January 11, 1999 12:00 PM

Sean Penn, Nick Nolte, Jim Caviezel, Ben Chaplin, Woody Harrelson

The Thin Red Line is an either/or movie. You will either love it, finding its meditative exploration of philosophical themes regarding man, nature and war resonating somewhere deep within you, or you will depart at the end of its almost three-hour running time shaking your head and muttering, “What the heck was that all about, and how come George Clooney had only one scene?”

Based on a novel by James Jones (who wrote From Here to Eternity), Line follows an Army unit in 1942 as it fights the battle of Guadalcanal in the South Pacific. “There is only this world,” one combat-weary soldier (Penn) tells another, but writer-director Terrence Malick is intent on showing that there are other worlds, those of animals, plants and indigenous peoples, all of which war disastrously disrupts. Line is the gifted Malick’s first film since 1978’s Days of Heaven, and the rust shows. Line meanders. It’s beautiful to look at (watch for a scene where soldiers rise from tall grass on a hill and then disappear back into it), but Malick too often sacrifices characters and plot for flora and fauna. Nolte, Penn, Chaplin and Caviezel register strongly, while John Cusack, John Travolta and Clooney pop up all too briefly and, mostly, pointlessly. (R)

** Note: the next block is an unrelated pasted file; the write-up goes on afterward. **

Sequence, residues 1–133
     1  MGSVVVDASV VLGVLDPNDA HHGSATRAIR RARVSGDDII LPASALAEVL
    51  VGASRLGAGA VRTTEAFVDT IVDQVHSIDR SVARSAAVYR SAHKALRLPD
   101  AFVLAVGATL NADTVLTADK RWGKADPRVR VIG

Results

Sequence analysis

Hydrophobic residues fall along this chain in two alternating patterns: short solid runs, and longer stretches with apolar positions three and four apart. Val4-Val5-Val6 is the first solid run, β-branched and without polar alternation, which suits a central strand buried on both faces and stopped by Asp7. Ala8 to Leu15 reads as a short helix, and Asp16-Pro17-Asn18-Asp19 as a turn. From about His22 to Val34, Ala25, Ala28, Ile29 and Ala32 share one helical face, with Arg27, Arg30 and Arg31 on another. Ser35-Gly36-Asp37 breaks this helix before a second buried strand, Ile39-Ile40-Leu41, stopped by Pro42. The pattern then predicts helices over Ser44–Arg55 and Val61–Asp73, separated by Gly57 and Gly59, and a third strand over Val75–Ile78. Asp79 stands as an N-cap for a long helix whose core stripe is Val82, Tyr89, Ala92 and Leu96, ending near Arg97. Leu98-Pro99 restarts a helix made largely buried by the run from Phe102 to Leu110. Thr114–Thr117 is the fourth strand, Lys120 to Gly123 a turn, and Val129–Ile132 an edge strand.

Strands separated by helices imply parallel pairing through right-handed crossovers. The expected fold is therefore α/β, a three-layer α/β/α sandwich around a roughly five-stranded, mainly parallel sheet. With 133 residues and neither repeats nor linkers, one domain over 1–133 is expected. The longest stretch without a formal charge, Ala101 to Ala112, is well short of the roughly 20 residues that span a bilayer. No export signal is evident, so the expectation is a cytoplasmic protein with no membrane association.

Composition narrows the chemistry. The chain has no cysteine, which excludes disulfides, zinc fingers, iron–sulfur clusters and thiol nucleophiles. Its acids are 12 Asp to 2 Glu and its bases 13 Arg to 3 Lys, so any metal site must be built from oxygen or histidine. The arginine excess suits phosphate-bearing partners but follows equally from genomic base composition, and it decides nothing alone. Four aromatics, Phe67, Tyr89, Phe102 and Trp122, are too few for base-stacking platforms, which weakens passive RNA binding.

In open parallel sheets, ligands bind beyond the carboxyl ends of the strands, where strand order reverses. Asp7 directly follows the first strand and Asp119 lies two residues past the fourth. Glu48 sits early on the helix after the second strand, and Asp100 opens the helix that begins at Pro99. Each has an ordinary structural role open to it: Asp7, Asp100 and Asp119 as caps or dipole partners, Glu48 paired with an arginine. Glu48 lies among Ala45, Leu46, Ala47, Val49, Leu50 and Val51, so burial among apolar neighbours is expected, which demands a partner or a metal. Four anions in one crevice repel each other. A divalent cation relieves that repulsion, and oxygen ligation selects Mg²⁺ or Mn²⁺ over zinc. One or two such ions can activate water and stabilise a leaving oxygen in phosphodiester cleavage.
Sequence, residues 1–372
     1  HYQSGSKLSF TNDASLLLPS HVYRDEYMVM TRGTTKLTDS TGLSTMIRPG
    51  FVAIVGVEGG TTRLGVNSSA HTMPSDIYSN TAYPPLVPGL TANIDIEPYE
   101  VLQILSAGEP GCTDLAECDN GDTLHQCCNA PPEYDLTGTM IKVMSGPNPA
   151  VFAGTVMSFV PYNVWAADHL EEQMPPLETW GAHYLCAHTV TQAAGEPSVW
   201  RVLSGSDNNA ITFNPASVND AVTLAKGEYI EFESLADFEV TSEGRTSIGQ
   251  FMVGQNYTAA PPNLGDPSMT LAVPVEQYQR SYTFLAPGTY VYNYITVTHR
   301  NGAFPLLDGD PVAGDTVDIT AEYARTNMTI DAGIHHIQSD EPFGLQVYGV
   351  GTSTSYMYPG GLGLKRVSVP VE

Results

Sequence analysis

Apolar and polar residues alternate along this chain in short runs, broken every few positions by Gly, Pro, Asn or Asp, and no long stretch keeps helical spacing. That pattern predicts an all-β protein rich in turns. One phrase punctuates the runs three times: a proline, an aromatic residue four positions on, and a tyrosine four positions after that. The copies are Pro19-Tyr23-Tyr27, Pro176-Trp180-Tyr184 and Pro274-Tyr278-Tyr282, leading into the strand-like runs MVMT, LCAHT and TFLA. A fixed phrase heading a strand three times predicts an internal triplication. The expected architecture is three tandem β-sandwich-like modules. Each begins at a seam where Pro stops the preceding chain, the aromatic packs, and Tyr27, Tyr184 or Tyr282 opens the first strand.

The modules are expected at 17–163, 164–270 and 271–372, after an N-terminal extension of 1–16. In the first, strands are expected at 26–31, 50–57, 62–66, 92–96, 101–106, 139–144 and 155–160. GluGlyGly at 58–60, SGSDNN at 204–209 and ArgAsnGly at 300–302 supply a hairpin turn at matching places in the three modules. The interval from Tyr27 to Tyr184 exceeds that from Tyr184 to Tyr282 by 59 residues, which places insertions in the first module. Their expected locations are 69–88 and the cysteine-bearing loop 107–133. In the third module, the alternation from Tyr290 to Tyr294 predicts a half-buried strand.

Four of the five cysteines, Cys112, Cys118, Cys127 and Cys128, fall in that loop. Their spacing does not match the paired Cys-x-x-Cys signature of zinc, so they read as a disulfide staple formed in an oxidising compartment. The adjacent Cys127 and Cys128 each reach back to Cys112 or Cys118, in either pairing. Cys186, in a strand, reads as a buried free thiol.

Bottom Line: It’s no Saving Private Ryan

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